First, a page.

Landowners' Primer: What you need to know about unreclaimed oil and gas wellsA tool for landowners who find themselves with inactive, suspended, abandoned or orphaned wells on their property.

Publication - Nov. 21, 2019 - By Nikki Way, Morrigan Simpson-Marran

Inactive and orphaned well numbers are growing in parallel with a prolonged energy recession in Alberta since 2014. Rural landowners are the ones who have this infrastructure on their land and have to live with these uncertainties. With support from the Alberta Real Estate Foundation, the Pembina Institute has published the Landowners' primer: what you need to know about unreclaimed oil and gas wells to help those who are most impacted. Designed as a complementary follow up to our 2016 publication, the Landowners’ Guide to Oil and Gas Development , this primer addresses questions and examines problems landowners face when dealing with operators who are under financial strain and still have unreclaimed oil and gas infrastructure on landowners’ property.

The Pembina Institute’s Landowners' primer outlines what a typical reclamation process should look like, and what issues may arise if the reclamation process does not go as planned. It explains what may happen if the operator on your land declares bankruptcy, and who might take over the responsibility of the well next. It offers guidance on issues such as missed lease payments and who to contact in case of a leak from the well. It also offers advice on how to navigate an untended well site. Should more questions remain, the guide has a list of contacts for landowners in order to get the help they need.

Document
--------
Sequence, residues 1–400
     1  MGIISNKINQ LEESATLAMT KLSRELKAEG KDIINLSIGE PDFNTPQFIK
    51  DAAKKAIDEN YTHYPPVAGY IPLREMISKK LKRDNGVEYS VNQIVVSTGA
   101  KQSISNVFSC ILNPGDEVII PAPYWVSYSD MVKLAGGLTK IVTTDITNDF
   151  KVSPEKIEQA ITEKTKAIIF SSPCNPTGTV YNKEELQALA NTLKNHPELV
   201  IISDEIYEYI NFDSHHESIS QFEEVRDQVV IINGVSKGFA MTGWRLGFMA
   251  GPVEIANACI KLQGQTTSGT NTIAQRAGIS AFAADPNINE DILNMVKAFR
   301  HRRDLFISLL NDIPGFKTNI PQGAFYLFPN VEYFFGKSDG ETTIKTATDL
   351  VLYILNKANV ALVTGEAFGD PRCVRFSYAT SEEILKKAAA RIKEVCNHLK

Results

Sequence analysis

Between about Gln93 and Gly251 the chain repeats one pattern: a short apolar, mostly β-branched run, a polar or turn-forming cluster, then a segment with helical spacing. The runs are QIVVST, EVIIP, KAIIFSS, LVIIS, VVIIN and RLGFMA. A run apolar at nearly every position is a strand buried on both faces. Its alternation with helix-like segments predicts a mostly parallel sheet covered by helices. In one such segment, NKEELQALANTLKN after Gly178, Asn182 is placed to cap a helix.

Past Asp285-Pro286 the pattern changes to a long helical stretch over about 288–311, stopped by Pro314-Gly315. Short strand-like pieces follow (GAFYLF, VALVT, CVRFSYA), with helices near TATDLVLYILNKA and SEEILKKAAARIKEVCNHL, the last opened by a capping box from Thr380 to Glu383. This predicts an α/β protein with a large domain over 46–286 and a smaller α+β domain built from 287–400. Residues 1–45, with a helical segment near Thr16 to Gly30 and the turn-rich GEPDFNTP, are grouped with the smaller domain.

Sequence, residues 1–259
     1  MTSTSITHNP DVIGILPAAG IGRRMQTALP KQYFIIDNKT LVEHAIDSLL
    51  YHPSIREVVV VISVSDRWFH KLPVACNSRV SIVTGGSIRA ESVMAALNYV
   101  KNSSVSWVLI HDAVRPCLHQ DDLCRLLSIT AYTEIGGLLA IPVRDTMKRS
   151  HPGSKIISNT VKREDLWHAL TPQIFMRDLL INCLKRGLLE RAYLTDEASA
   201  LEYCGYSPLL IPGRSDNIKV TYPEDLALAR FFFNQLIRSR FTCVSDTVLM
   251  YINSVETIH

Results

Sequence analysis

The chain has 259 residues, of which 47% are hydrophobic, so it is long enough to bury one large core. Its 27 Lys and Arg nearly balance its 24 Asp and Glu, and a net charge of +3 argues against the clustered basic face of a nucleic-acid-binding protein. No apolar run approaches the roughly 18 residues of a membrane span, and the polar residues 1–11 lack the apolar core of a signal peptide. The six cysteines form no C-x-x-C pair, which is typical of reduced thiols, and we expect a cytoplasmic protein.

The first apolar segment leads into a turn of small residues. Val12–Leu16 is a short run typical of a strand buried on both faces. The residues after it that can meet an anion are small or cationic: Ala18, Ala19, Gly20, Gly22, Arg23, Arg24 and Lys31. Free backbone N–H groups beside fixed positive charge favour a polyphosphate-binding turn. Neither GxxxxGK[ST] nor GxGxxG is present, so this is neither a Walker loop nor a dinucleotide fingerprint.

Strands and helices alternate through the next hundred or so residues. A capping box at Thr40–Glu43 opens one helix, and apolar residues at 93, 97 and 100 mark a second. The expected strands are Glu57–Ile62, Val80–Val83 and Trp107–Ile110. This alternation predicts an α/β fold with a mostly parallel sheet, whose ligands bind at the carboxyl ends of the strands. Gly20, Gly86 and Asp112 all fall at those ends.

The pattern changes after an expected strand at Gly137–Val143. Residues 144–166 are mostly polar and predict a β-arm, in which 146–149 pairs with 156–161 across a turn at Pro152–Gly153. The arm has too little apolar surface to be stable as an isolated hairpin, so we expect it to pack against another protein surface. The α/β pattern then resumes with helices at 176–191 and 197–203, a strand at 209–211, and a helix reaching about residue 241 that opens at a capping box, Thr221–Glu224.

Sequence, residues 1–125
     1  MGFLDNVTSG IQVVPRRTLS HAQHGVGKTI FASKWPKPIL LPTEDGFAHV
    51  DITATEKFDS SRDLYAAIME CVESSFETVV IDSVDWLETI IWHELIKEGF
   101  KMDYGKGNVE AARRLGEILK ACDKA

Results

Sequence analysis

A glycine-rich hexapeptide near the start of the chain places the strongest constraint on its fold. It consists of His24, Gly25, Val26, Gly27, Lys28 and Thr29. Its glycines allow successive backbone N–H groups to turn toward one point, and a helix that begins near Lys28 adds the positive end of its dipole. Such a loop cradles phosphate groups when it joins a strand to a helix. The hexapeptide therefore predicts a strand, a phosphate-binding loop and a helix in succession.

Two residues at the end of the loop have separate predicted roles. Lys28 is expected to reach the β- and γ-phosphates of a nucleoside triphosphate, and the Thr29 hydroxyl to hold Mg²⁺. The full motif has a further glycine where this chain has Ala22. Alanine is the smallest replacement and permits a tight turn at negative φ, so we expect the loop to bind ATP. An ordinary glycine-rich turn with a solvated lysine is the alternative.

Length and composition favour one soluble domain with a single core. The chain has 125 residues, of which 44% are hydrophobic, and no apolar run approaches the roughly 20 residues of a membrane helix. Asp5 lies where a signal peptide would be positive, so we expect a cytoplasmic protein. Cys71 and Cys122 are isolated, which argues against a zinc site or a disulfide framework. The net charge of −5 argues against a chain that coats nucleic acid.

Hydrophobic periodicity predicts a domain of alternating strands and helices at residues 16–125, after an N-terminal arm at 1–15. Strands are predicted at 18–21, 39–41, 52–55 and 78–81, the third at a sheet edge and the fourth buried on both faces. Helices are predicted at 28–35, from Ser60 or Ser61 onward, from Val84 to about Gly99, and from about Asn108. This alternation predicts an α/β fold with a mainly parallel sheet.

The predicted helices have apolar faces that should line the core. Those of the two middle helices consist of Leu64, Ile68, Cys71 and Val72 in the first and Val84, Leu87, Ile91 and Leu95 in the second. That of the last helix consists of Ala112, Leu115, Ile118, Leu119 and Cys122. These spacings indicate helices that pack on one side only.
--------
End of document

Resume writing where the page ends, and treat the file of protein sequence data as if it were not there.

Subscribe

Our perspectives to your inbox.

The Pembina Institute endeavors to maintain your privacy and protect the confidentiality of any personal information that you may give us. We do not sell, share, rent or otherwise disseminate personal information. Read our full privacy policy.